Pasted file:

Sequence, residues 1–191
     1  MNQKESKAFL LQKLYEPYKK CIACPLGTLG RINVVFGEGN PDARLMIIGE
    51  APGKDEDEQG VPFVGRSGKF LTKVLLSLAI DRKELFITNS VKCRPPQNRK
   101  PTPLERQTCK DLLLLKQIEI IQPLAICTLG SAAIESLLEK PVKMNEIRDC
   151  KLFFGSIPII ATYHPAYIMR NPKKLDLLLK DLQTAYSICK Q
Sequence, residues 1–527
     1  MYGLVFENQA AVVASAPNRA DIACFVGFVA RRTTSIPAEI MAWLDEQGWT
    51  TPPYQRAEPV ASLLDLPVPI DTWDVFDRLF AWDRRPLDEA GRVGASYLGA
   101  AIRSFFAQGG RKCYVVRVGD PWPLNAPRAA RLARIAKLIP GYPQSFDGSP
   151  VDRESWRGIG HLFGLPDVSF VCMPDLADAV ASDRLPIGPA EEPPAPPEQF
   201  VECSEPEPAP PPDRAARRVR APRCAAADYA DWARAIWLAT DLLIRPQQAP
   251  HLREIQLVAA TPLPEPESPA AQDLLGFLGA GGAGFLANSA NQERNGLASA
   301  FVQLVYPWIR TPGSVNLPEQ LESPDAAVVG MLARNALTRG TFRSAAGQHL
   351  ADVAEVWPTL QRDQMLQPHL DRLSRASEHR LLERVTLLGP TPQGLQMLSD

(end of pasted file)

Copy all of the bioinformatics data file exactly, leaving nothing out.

Sequence, residues 1–191
     1  MNQKESKAFL LQKLYEPYKK CIACPLGTLG RINVVFGEGN PDARLMIIGE
    51  APGKDEDEQG VPFVGRSGKF LTKVLLSLAI DRKELFITNS VKCRPPQNRK
   101  PTPLERQTCK DLLLLKQIEI IQPLAICTLG SAAIESLLEK PVKMNEIRDC
   151  KLFFGSIPII ATYHPAYIMR NPKKLDLLLK DLQTAYSICK Q
Sequence, residues 1–527
     1  MYGLVFENQA AVVASAPNRA DIACFVGFVA RRTTSIPAEI MAWLDEQGWT
    51  TPPYQRAEPV ASLLDLPVPI DTWDVFDRLF AWDRRPLDEA GRVGASYLGA
   101  AIRSFFAQGG RKCYVVRVGD PWPLNAPRAA RLARIAKLIP GYPQSFDGSP
   151  VDRESWRGIG HLFGLPDVSF VCMPDLADAV ASDRLPIGPA EEPPAPPEQF
   201  VECSEPEPAP PPDRAARRVR APRCAAADYA DWARAIWLAT DLLIRPQQAP
   251  HLREIQLVAA TPLPEPESPA AQDLLGFLGA GGAGFLANSA NQERNGLASA
   301  FVQLVYPWIR TPGSVNLPEQ LESPDAAVVG MLARNALTRG TFRSAAGQHL
   351  ADVAEVWPTL QRDQMLQPHL DRLSRASEHR LLERVTLLGP TPQGLQMLSD